A music critic who covered the Cleveland Orchestra for 15 years lost his beat in 2008 after Plain Dealer editor Susan Goldberg determined that his reviews of the orchestra — and more specifically, its conductor — were too biased.
Donald Rosenberg then promptly sued the orchestra’s parent organization as well as The Plain Dealer itself, claiming that Goldberg’s decision to remove him from the beat cost him his reputation, and was a result of pressure from Musical Arts Association officials and Franz Welser-Most, the orchestra’s conductor.
It seems odd to call a critic’s opinion biased, but Goldberg says that Rosenberg approached the orchestra’s performances with a closed mind, implying that he had some sort of personal vendetta against Welser-Most. Rosenberg, however, insists that he approached every concert “like it was going to be something absolutely fresh,” according to this Plain Dealer article.
It is common knowledge that journalists must write each news story free of personal opinion, but that rule obviously does not apply to critics in the same sense. The issue here is, how do you prove that a critic approached his subject with a closed mind and wasn’t simply giving his honest opinion?
To take a critic off his beat because his reviews are “too negative” seems to defeat the very purpose of having a critic. In theory, critics should have the ability to deliver their professional opinions about whatever subject they are covering without fear of retaliation from the newspaper they work for because of outside pressure.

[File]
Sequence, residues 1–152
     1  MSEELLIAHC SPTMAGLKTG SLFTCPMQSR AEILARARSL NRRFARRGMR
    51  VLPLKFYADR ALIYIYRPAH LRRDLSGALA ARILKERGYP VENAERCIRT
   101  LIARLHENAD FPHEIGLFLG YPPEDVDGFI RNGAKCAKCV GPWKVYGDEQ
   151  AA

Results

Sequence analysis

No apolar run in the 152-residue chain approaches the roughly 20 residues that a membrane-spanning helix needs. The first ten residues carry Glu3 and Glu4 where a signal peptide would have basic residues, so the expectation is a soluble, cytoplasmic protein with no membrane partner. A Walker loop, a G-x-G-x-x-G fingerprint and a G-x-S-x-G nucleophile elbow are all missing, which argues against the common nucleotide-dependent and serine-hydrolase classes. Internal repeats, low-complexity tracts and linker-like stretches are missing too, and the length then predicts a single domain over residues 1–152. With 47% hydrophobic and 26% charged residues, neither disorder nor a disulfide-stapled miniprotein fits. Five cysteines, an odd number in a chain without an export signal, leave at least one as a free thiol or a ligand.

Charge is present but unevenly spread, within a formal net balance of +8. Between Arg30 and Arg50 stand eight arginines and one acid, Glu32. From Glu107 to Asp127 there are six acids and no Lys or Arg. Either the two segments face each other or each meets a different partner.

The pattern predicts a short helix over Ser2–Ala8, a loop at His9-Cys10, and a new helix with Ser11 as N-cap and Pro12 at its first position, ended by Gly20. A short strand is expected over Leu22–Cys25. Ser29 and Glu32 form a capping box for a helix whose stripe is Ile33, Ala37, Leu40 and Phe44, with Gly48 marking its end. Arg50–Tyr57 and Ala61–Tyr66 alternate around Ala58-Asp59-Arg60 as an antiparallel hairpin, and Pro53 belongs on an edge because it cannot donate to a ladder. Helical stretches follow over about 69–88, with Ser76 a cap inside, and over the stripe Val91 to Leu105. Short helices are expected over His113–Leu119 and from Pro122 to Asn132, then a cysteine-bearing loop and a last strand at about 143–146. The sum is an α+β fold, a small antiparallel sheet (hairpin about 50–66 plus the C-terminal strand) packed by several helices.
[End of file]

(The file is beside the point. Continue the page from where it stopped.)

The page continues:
However, there are shades of grey when pressure from an individual for a journalist to portray them “more fairly” turns into a battle of wills between the critic and his subject. After Goldberg told Rosenberg of her decision to reassign him, Rosenberg responded, “he won,” referring to Welser-Most.
The critic holds a lot of power here. Rosenberg could have taken Welser-Most’s disliking of him personally and let that cloud his objectivity, writing reviews that consistently shed Welser-Most in a negative light because he wanted to prove something to the conductor — that he wouldn’t back down.
If the Cleveland Orchestra, Welser-Most or the Musical Arts Association did have a hand in ousting Rosenberg, it wouldn’t be the first time they tried to drive The Plain Dealer’s coverage of the orchestra.
In 2004, when Rosenberg accompanied the orchestra on its European tour, he printed comments Welser-Most made during the tour that he never intended for Cleveland to see. In an interview for a Swiss magazine, Welser-Most compared Cleveland to “an inflated farmer’s village” and talked about relying on “rich widows” to maintain the orchestra. The orchestra responded by banning Rosenberg from rehearsals, backstage, tour parties, the players’ bus and interviewing Welser-Most, according to this article from The New York Times.
It is also worth noting that The Plain Dealer has been covering this controversy themselves from the very beginning when Rosenberg filed the suit. Goldberg, after reassigning Rosenberg, also prohibited him from using the words “Cleveland Orchestra” in any future articles because she believed it would present a conflict of interest. Makes sense (except for when Rosenberg needs to use those words as part of someone’s title who may be involved in another event he is covering), but the PD covering its own controversy (which has gained national attention) might also allow for perceived bias.